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Java won the smartphone wars (and nobody noticed)

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Haven’t you noticed? Java, the red-headed stepchild of the phone world, has conquered the world by default. The platform written off just a few years ago as bloated, cumbersome and inefficient is now inescapable.

It’s actually down to desperation by the two fallen stars of the handset world, Nokia and RIM. Android, another Java system, I will presume you know about.

When Nokia capsized the unannounced Meltemi project, it marked the third platform the Finns had torched in a year. Meego and Symbian have already more or less bitten the dust. A handful of the 3,000 Symbian engineers transferred out of Nokia into Accenture, where they still work on bug fixes, we gather. But as exclusively predicted here back in February, the roadmap was torn up and the 808 PureView will be the last Nokia Symbian phone.

That leaves Nokia with Windows for its tightly specified smartphones, and just one platform – Series 40 – for everything else. Underneath, Series 40 is still the ancient body of code called NOS (Nokia Operating System). But anything more sophisticated than a fart app needs the Java frameworks.

Don't try this at home - your phone may not work

Alongside Nokia the other great casualty of recent years is BlackBerry, which has been obliged to follow suit. Like Nokia, RIM has modernised its ancient OS offering by building a Java infrastructure on top.

To remain competitive, RIM and Nokia need their basic devices to run not just apps deemed to be ‘essential’ - like Twitter, eBay, Facebook and Angry Birds - but as many of the more specialist apps and services – eg, Evernote and DropBox – as they can muster. There’s no quicker way to lure in developers than by slapping a Java framework on top.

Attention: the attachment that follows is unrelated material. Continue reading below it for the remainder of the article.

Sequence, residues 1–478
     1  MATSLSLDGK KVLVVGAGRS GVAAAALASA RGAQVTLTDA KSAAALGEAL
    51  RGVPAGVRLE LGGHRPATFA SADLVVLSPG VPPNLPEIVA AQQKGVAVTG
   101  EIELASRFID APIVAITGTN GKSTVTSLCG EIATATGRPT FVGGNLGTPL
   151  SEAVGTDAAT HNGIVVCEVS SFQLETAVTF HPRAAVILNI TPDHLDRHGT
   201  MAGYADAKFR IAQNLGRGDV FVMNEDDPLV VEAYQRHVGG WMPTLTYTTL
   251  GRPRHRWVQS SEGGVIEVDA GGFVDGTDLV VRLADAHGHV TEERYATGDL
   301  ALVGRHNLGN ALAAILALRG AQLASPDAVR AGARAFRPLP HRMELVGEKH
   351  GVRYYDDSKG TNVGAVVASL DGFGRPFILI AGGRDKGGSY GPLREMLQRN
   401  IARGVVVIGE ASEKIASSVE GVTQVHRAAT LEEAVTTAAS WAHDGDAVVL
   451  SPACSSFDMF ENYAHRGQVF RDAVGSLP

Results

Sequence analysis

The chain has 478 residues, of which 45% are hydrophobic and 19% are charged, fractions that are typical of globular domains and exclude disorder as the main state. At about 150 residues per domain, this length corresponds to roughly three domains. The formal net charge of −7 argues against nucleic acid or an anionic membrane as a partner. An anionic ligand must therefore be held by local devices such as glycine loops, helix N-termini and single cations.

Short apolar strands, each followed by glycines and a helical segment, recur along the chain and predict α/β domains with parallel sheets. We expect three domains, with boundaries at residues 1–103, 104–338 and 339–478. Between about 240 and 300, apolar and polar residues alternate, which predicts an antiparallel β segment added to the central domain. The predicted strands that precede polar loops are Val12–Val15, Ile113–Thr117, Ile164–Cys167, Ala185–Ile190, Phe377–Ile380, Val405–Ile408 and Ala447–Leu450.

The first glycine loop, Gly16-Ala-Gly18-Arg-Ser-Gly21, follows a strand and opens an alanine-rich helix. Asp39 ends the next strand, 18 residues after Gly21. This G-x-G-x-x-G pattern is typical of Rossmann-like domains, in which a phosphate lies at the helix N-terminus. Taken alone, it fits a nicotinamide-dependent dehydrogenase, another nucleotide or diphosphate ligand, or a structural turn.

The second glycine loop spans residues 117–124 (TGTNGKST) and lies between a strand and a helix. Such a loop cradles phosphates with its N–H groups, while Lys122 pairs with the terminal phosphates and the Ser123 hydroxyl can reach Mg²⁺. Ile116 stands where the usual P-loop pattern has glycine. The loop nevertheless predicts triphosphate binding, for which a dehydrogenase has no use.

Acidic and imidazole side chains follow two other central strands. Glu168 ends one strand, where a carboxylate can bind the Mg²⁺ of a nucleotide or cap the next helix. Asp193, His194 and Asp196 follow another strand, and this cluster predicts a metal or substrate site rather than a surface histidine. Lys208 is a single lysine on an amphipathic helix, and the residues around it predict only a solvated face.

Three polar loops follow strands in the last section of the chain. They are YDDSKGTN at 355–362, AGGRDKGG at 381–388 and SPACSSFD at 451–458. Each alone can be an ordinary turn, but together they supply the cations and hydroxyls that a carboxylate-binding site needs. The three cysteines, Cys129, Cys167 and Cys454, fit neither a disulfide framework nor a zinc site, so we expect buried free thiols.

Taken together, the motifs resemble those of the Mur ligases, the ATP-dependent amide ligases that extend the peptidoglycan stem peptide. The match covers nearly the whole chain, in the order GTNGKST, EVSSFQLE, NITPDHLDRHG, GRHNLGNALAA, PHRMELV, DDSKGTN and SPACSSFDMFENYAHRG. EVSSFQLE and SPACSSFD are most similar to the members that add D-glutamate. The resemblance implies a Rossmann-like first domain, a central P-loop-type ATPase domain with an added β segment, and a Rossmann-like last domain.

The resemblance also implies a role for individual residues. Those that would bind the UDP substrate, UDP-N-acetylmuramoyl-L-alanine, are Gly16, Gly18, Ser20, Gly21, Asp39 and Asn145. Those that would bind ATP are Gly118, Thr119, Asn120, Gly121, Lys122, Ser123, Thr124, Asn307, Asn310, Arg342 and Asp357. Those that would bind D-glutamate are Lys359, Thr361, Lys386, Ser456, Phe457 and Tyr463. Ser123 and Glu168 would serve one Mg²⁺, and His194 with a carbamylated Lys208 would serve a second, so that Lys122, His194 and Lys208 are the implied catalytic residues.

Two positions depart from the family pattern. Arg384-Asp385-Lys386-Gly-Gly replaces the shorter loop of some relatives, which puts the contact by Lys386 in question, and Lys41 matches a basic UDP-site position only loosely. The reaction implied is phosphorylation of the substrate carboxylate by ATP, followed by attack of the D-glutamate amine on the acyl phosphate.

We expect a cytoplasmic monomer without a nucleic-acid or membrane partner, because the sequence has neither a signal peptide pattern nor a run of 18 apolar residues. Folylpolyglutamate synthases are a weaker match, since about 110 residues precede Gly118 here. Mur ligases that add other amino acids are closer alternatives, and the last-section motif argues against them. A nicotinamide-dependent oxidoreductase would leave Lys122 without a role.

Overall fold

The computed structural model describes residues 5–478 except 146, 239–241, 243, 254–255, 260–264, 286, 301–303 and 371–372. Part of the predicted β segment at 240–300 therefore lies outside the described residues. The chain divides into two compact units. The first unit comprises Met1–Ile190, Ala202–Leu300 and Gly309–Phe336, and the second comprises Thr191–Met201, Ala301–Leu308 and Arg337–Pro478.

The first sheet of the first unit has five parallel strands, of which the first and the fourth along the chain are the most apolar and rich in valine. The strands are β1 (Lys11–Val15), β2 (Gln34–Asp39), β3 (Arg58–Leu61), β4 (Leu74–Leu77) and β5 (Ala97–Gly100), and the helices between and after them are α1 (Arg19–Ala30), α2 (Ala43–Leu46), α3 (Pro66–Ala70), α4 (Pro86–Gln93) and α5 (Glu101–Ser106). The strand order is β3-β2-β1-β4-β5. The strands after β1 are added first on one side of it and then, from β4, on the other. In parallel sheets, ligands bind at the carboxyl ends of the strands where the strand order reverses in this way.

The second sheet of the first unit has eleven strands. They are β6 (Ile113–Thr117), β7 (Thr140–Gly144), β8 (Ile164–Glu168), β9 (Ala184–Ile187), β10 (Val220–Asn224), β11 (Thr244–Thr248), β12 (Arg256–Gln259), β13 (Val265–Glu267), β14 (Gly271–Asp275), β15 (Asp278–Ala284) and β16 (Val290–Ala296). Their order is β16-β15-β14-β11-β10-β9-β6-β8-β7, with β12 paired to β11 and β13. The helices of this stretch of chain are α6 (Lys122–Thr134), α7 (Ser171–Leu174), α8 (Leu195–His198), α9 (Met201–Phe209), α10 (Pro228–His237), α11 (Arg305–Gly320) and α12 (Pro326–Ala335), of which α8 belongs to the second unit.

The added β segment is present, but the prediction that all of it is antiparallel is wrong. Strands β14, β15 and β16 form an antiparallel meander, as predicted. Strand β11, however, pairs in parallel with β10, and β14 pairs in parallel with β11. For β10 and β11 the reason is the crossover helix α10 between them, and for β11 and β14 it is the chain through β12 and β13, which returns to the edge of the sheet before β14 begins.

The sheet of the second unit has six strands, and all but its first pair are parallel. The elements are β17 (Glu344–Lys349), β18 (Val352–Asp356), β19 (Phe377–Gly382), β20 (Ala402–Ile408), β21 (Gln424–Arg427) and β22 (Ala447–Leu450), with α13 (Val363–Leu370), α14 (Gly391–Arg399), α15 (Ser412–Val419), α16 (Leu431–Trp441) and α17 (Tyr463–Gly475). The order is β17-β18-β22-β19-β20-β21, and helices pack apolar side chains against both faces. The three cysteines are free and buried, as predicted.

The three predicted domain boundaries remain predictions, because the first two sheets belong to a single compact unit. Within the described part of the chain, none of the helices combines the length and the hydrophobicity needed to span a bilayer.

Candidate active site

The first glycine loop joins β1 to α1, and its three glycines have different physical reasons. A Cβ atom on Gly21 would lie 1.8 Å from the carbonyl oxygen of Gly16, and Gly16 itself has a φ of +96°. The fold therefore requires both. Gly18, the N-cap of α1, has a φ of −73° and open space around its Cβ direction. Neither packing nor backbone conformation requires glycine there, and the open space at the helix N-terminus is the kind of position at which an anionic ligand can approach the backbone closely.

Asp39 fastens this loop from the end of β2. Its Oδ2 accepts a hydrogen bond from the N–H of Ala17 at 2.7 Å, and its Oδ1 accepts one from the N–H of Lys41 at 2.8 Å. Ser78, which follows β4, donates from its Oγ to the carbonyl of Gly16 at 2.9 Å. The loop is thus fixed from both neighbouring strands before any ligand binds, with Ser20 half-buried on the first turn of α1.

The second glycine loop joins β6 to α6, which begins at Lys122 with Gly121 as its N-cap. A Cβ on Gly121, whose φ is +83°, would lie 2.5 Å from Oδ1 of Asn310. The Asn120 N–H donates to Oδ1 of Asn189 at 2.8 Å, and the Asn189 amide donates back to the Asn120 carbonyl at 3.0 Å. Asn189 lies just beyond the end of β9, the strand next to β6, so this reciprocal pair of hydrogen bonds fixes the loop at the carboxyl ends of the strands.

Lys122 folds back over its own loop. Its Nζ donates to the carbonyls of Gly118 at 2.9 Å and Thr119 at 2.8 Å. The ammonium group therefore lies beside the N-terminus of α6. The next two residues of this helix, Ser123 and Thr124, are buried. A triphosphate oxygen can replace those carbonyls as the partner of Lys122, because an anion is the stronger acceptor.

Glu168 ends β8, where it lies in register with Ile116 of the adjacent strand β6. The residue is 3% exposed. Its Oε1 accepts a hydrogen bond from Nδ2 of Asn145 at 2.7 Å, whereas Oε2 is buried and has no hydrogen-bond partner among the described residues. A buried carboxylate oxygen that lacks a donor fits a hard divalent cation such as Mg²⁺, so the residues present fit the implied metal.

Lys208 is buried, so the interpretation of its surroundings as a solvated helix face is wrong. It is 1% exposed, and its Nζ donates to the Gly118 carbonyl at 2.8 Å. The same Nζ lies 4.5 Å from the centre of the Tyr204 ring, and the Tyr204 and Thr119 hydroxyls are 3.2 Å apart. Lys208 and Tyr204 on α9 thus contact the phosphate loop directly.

There is irony aplenty in this.

Java has been a runtime solution in feature phones for almost a decade. It’s the splash screen everybody cursed while waiting for their game to load. Java as the phone OS itself never took off, for a number of reasons. At one point the mobile operators ganged together to advance their own favoured OS – based on Java – called Savaje, via their OMTP club. Orange and Vodafone were key investors. Thirty months later, we reported that the project had bitten the dust, "leaving a few million lines of code and a bunch of arguing venture capitalists".

Sun Microsystems could never quite decide what to do with Java, and management was by consensus and committee – a recipe for indecision. El Reg’s Bill Ray wrote a book on developing in PersonalJava, and recalls how weeks after publication, Sun abandoned it in favour of the less-functional but lighter J2MEE.

SavaJe's Jasper, a Java phone was demonstrated in 2006, but never shipped

It isn’t hard to see why Java failed to become a platform during the first half of the last decade. Footprint, battery life and performance were all suboptimal. But this has a hangover today. The consequence for Nokia and RIM is that they threw their stellar reputations for making phones with incredible battery life away, simply to keep the ship afloat. The latest BlackBerrys are really quite slick – but at a cost: they deplete the battery as rapidly as any touchscreen monster smartphone.

But since the iPhone and Android took off, the market doesn’t seem care about call quality or battery life – it values apps and flawless graphical animations more highly. So it’s a trade-off Nokia and RIM feel they have to make.

If a future civilisation digs up early 21st century technology – and only finds today’s mobile handsets to judge us by - it will marvel how humans couldn’t get their phones to last until teatime. ®

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